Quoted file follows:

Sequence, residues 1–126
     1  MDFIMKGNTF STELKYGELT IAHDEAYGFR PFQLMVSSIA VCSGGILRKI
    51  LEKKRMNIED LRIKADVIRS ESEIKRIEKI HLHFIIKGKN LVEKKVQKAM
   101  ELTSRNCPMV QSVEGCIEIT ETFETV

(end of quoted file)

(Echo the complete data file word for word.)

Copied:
Sequence, residues 1–126
     1  MDFIMKGNTF STELKYGELT IAHDEAYGFR PFQLMVSSIA VCSGGILRKI
    51  LEKKRMNIED LRIKADVIRS ESEIKRIEKI HLHFIIKGKN LVEKKVQKAM
   101  ELTSRNCPMV QSVEGCIEIT ETFETV